Systems & Computational Biology

Machine Learning

"Machine learning (ML) is a rapidly developing branch of artificial intelligence (AI), with a long history rooted in statistics, computer science, and physics. Its recent successes in AI applications—from self-driving cars to content generation—have featured prominently in the scientific and popular news. The excitement for ML is also growing in the biomedical community as it becomes clear that ML could assist and improve practical applications ranging from medical image analysis to discovering patterns in patient databases, as well as to address basic science questions such as protein structure prediction, interpreting genetic networks and explaining the function of brain circuits.

In August 2016, faculty of systems and computational biology started the Reading Group on Recent Advances in Machine Learning, an informal, monthly meeting in which we discuss the newest publications and techniques in ML. The meeting offers the opportunity to discover new applications of ML, learn the techniques that make such advances possible, and discuss higher-level conceptual issues.

The meeting typically lasts 1 to 1.5 hours, with slide presentation, questions and discussions. Everyone is welcome to attend and join the interactive discussion. Please see below to view the full calendar and meeting locations (which can vary month to month), and contact Dr. Ruben Coen-Cagli at for information. Also, be sure to bookmark this page for easy reference and updates."

Calendar for 2023-24

Past Meetings

  • 5/15/2023. Zachary Flamholz (Einstein, Kelly lab) - Large Language Models for Biologic Discovery
  • 4/24/2023. Maryam Shanechi (University of Southern California)
  • 3/27/2023. Bo Wang (NIH/NCI-CCR) – “Machine Learning and the Mutational Effects Problem”
  • 01/23/2023. Kohitij Kar (MIT and York University) – “Probing the neural mechanisms of primate visual cognition”
  • 12/27/2022. Ulisse Ferrari (Sorbonne University, Paris) – “How do natural neuronal networks deal with noise?”
  • 2022 May. Ilker Yildirim (Yale) - “Reverse-engineering the neural code in the language of objects and generative models”
  • 2022 April. Olivier Henaff (Google Deep Mind) - “Towards general self-supervised learning”
  • 2022 March. Carsen Stringer (HHMI Janelia) - "Making sense of large-scale neural and behavioral data"
  • 2022 February. Yinghao Wu’s lab (Einstein) - "A structural-based machine learning method to classify binding affinities between TCR and peptide-MHC complexes"
  • 2021 November. Thomas Serre (Brown) - “Feedforward and feedback processes in visual recognition”
  • 2021 November. Ben Cowley (Princeton) - "Finding compact models of visual cortical neurons in macaque V4"
  • 2021 May. Stephane Deni (Facebook AI) – Self-Supervised Learning Inspired by the Visual System.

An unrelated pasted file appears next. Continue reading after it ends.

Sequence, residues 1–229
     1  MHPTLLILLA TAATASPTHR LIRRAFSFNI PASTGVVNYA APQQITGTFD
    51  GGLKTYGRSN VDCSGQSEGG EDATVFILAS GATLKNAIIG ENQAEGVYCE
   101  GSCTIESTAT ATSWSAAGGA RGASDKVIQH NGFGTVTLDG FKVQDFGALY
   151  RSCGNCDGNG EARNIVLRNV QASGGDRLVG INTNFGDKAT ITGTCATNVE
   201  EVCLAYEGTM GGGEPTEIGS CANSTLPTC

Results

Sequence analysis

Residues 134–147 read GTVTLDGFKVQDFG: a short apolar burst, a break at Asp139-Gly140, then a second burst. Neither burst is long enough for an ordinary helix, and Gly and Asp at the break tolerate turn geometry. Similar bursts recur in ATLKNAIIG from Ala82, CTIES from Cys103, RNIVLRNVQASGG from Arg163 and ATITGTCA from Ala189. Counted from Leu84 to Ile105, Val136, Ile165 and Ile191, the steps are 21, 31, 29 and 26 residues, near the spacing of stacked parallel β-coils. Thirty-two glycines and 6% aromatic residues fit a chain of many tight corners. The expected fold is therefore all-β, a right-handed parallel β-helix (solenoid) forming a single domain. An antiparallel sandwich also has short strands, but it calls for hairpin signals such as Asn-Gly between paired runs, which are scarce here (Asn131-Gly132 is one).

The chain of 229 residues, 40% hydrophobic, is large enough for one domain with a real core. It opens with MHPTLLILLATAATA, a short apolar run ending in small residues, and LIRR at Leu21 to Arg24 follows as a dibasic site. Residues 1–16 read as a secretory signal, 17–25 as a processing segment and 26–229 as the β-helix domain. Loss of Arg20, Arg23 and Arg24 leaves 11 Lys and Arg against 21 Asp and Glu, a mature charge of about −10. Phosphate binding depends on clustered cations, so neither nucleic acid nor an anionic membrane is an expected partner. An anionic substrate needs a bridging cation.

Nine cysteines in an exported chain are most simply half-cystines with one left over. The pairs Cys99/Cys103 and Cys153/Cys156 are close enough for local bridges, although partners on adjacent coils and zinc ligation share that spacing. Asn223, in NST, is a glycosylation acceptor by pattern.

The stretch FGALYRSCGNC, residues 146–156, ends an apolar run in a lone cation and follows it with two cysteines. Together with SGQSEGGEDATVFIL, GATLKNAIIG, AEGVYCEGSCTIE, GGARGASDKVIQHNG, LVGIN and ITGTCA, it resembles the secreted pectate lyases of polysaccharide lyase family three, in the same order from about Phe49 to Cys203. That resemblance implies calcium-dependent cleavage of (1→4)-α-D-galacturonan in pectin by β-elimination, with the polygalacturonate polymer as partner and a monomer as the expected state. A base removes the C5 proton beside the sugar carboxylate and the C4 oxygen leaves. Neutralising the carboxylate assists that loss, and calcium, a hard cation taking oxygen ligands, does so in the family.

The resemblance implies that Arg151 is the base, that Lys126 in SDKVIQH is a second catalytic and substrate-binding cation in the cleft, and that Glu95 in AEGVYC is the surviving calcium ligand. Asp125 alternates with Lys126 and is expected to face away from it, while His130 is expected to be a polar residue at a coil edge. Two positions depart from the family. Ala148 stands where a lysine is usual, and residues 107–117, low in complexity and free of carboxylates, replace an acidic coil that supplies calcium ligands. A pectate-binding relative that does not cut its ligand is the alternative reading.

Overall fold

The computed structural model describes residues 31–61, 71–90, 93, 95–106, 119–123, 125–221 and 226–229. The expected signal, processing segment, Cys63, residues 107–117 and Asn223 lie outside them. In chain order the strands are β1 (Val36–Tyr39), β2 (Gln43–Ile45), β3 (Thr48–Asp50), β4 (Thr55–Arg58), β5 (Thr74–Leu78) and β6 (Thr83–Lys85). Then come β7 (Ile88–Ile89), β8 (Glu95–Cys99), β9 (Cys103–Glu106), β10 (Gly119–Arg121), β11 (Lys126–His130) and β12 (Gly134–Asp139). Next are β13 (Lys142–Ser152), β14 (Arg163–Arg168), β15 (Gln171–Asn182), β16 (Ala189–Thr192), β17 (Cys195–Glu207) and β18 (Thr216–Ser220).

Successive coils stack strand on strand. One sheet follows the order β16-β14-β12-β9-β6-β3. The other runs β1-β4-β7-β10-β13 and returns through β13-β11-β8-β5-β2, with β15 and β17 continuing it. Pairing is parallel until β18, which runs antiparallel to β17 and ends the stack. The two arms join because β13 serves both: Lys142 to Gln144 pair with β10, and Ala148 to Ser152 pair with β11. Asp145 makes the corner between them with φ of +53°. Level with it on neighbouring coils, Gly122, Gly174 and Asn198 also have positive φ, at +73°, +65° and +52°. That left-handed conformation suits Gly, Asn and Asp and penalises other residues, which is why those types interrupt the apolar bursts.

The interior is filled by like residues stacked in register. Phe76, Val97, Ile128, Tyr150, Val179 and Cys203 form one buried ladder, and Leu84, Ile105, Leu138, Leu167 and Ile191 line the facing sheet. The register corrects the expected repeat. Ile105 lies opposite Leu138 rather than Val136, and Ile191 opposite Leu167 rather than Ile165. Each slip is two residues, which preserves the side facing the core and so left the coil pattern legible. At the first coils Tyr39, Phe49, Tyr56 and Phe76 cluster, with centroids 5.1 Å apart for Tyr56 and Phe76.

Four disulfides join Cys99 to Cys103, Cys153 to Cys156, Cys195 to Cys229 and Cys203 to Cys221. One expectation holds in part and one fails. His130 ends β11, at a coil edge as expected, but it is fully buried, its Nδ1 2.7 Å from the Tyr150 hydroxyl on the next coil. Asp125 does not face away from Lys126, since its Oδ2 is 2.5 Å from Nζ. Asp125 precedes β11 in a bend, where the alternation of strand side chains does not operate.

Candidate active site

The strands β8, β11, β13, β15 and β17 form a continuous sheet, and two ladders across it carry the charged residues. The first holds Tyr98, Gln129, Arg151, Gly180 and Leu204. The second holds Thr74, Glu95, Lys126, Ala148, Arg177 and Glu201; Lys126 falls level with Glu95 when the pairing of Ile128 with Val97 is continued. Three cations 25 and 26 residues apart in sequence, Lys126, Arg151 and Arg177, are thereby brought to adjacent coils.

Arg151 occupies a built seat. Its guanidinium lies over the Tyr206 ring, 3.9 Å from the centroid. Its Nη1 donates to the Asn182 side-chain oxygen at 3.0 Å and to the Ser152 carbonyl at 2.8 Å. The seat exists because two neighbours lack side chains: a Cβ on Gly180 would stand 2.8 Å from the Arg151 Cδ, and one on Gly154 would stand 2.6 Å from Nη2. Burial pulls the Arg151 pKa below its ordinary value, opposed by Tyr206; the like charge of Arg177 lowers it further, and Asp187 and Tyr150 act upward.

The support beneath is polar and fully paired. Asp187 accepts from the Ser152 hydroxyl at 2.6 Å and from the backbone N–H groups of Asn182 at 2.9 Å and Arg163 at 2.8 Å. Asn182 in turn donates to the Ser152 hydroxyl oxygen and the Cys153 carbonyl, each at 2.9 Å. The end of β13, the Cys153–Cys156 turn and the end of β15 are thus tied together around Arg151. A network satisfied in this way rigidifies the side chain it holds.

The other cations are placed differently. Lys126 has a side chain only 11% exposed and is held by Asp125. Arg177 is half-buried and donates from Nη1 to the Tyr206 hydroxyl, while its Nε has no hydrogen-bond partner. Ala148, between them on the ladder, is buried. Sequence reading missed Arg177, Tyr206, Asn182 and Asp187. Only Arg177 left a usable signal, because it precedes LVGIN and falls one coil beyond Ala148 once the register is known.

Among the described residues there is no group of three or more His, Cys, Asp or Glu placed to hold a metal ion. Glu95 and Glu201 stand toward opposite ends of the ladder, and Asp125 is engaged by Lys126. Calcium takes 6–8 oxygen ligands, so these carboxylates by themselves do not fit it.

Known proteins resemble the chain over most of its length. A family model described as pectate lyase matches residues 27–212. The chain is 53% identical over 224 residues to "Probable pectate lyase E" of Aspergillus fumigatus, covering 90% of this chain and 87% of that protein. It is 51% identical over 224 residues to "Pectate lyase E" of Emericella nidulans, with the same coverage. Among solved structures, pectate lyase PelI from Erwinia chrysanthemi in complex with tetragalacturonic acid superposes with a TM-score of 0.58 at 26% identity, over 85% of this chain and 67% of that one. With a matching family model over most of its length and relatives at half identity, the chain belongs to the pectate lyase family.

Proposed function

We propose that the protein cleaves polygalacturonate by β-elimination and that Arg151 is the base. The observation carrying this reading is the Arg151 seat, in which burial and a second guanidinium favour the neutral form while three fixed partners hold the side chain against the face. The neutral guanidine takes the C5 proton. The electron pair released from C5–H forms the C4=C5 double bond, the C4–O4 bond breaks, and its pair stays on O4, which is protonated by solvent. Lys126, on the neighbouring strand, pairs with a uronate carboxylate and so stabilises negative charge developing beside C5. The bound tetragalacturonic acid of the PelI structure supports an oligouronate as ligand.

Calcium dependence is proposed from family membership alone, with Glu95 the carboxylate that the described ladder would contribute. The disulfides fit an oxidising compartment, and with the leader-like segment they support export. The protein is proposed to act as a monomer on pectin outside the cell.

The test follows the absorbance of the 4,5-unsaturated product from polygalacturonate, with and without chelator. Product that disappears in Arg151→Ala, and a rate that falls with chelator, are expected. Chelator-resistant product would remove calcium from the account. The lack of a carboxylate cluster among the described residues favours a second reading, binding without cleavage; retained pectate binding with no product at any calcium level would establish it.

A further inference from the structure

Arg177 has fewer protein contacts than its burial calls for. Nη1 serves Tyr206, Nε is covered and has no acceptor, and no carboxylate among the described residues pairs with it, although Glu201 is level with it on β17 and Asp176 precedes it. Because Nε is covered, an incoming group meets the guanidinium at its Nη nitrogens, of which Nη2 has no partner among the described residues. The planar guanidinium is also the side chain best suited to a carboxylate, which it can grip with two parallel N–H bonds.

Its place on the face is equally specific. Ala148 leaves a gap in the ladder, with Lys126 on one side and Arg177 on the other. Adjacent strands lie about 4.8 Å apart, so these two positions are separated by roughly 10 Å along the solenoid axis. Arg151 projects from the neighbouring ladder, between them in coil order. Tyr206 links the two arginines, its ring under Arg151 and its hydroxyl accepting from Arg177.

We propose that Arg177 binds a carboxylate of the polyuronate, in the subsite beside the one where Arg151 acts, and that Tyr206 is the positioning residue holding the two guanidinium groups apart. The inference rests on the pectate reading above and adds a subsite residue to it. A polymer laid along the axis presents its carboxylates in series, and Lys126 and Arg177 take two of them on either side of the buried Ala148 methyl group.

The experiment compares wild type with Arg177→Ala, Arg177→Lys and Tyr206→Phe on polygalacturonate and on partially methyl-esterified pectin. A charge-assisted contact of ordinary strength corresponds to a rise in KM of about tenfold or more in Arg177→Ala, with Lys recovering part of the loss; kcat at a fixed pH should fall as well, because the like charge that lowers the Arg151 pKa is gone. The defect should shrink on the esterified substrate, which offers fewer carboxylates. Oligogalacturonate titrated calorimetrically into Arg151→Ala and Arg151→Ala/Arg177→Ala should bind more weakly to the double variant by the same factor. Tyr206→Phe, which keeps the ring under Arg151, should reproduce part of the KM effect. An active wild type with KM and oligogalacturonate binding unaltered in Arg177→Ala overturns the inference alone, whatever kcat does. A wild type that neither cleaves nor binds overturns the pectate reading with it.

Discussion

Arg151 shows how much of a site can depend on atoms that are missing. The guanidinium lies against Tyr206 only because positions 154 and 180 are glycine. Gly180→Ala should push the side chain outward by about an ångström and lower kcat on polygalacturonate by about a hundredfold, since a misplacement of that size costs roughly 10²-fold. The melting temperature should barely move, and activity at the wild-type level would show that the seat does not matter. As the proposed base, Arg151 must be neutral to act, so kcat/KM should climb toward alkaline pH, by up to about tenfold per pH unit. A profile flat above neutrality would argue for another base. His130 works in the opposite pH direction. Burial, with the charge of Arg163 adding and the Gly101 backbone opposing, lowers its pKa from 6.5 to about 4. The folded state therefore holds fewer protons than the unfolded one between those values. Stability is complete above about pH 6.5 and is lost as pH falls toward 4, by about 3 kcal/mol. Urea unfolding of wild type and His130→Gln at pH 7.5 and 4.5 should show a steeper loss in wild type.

• 2021 April. Luigi Acerbi (Helsinki University) – Practical sample-efficient Bayesian inference for models with and without likelihoods.
  • 2021 March. Saad Kahn (Kelly lab, Einstein) – Reinforcement Learning.
  • 2021 February. Odelia Schwartz (University of Miami) – Normalization in neuroscience and deep neural networks.
  • 2021 January. Judy Wawira Gichoya (Emory) – Machine Learning for Health in Real Life.
  • 2020 December. Ingmar Kanitscheider (Open AI) – Emergent tool use from multi-agent autocurricula.
  • 2020 November. Theofanis Karaletsos (Uber AI Labs) – Structured priors for neural networks.
  • 2020 May. Nikolaus Kriegeskorte (Columbia University, Director of Cognitive Imaging). Testing deep neural network models of human vision with brain and behavioral data.
  • 2020 April. Special session on AI/ML initiatives for COVID-19.
  • 2020 February. Aude Genevay (MIT, Geometric Data Processing Group). Optimal transport and applications.
  • 2020 January. Youtube videolecture by Surya Ganguli (Stanford). Deep Learning Theory: From Generalization to the Brain.
  • 2019 December. Sacha Sokoloski (Einstein, Coen-Cagli lab). State-of-the-Art of Artificial General Intelligence.
  • 2019 November. Saad Kahn (Einstein, Kelly lab). Interpretation methods for deep learning models: saliency mappings.
  • 2019 October. Ruben Coen-Cagli (Einstein). Neural population control using ‘mind-blowing’ synthetic images.
  • 2019 May. Rajesh Ranganath (NYU Courant Institute)
  • 2019 March. Multiscale interpretable models of neural dynamics, presented by Memming Park (Stony Brook)
  • 2019 February. Probabilistic segmentation with U-NET, presented by Ruben Coen-Cagli (Einstein)
  • 2019 January. Enhancing fluorescence microscopy with deep learning, presented by Adrian Jacobo (Rockefeller)
  • 2018 November. Geometric deep learning, presented by Saad Kahn (Einstein)
  • 2018 October. Adversarial networks, presented by Ruben Coen-Cagli (Einstein)
  • 2018 May. Multiscale Methods for Networks, presented by Bo Wang
  • 2018 April. The scattering transform, presented by Jonathan Vacher
  • 2018 March. Topological data analysis, presented by Michoel Snow
  • 2018 February. Recurrent Neural Networks for Sequence Learning, presented by Sacha Sokoloski
  • 2018 January. Opening the black box of Deep Neural Networks via Information, presented by Saad Khan
  • 2017 December. Probabilistic programming with STAN, presented by Dylan Festa
  • 2017 November. Visualizing Data using t-SNE, presented by Daniel Pique
  • 2017 October. Deep Convolutional Neural Networks, presented by Sacha Sokoloski
  • 2017 September. Bayesian sparse priors and shrinkage, presented by Shuonan Chen
  • 2017 August. The Variational Autoencoder, presented by Ruben Coen-Cagli